We go back in for reintegration in a couple of days. They'll go over what he's done & if he gets upset & emotional he'll be sent back home. Anxiety is a horrible thing to have and not easy to be rid of. He's steadily becoming more isolated, sometimes due to a serious lack of planning by teacher's, and his anxiety & behaviour are becoming much worse. He's been throwing furniture about, was unable to participate in a school performance & had to stay in school (The only child left at school!!) and is incredibly disruptive. Demand avoidance? Severe anxiety? ASD?
Funny how it's mainly in school....


I Don't Know!!!!!

How difficult is it to understand basic data protection? This week two parents have approached me to say that Big Man is continually hurting their child and that an apology from myself wouldn't go amiss. I find myself having to explain the data protection rules & that my child cannot bring himself to discuss these incidents after the fact. Any discussion needs to be as immediate as it can be.
Obviously their children are much more able to discuss these incidents and mention who is responsible so their parents assume I know. They assume that I'm just a nasty cow who can't be arsed to apologise. They also assume that my child is naughty/bullying/undisciplined and we are awful parents.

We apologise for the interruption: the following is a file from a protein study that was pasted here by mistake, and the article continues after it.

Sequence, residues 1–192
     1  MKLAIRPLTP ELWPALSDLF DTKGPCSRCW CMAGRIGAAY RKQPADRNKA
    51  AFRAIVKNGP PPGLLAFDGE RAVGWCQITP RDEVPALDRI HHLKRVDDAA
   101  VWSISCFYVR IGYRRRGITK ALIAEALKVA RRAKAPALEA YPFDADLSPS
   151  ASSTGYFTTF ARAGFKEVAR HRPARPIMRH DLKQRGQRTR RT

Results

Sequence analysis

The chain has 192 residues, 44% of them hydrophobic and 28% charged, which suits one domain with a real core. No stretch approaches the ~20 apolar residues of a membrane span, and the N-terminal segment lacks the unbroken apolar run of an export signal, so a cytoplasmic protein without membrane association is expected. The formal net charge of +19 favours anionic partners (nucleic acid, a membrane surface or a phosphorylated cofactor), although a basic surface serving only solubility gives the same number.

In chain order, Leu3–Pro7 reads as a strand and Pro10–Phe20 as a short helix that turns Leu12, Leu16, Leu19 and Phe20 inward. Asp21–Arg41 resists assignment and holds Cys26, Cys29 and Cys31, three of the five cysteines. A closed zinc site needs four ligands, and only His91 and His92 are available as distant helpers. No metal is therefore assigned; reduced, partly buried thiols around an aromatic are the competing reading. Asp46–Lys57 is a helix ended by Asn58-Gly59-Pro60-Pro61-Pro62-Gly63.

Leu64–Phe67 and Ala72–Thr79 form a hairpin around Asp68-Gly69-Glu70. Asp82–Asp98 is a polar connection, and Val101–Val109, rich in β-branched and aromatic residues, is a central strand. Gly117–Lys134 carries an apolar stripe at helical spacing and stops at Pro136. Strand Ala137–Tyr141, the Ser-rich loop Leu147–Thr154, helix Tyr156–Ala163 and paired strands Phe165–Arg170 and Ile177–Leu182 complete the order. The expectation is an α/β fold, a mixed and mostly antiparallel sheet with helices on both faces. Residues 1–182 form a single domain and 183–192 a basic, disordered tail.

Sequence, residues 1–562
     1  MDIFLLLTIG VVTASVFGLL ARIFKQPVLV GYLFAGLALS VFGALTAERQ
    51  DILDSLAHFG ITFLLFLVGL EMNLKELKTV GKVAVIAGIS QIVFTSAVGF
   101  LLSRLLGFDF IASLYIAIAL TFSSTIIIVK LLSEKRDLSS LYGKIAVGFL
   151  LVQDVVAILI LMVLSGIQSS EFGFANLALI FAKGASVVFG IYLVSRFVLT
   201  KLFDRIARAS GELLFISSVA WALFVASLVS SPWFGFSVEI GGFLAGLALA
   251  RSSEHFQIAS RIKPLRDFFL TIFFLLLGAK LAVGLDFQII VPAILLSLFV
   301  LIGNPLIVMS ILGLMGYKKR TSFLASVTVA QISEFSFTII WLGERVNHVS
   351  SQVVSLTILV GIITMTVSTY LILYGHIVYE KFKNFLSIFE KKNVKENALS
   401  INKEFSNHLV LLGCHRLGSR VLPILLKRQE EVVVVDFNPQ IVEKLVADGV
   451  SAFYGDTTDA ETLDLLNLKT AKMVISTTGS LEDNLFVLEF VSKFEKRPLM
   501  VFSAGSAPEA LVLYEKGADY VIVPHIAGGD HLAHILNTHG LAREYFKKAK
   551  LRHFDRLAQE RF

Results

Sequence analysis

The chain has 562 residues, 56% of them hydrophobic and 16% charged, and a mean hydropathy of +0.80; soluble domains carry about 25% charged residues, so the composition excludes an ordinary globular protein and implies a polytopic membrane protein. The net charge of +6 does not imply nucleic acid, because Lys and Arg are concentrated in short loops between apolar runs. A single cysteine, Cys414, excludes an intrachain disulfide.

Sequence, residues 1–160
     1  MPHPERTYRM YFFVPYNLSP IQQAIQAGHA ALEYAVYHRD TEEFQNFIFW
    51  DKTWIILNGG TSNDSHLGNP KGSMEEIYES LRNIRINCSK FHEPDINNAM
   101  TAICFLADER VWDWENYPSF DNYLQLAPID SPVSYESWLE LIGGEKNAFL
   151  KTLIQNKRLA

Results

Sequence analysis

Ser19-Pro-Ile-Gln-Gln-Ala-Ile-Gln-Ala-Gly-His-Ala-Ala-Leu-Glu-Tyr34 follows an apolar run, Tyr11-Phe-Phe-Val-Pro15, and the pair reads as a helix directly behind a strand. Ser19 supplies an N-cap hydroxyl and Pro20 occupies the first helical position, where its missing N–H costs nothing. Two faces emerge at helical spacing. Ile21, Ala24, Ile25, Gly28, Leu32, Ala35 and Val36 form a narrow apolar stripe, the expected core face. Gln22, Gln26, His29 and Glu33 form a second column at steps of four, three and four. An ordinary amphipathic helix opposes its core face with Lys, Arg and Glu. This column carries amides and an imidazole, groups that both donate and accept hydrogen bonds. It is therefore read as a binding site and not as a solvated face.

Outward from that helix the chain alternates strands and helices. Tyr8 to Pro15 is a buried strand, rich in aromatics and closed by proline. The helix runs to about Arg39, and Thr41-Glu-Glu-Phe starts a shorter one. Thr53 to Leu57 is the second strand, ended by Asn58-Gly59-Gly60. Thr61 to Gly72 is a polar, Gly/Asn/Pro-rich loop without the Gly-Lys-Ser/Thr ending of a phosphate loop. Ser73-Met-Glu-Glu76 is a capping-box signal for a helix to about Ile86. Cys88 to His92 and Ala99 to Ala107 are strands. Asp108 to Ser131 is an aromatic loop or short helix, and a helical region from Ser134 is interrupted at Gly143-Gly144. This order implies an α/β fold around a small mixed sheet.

No other scenario enters their thoughts. That their child may have done something to trigger the incident doesn't enter their thoughts. That sensory issues were taking over, that teaching staff were not implementing strategies to prevent such incidents....
I'm on the verge of issuing an apology letter to the whole class along with a print out of the school's data protection policy, but then I might be even more unpopular!


Still waiting...

The storm still hasn't started! The most Big Man has done is to briefly hide under a table. Little Man has been a model pupil so far.

I'm pretty sure that Big Man is doing well due to his amazing TA. We've got a good un! She gets it, that's all that's required. Having yet to meet his teacher I'm unable to comment on her much. Homework is optional & she seems a bit too chilled out sometimes.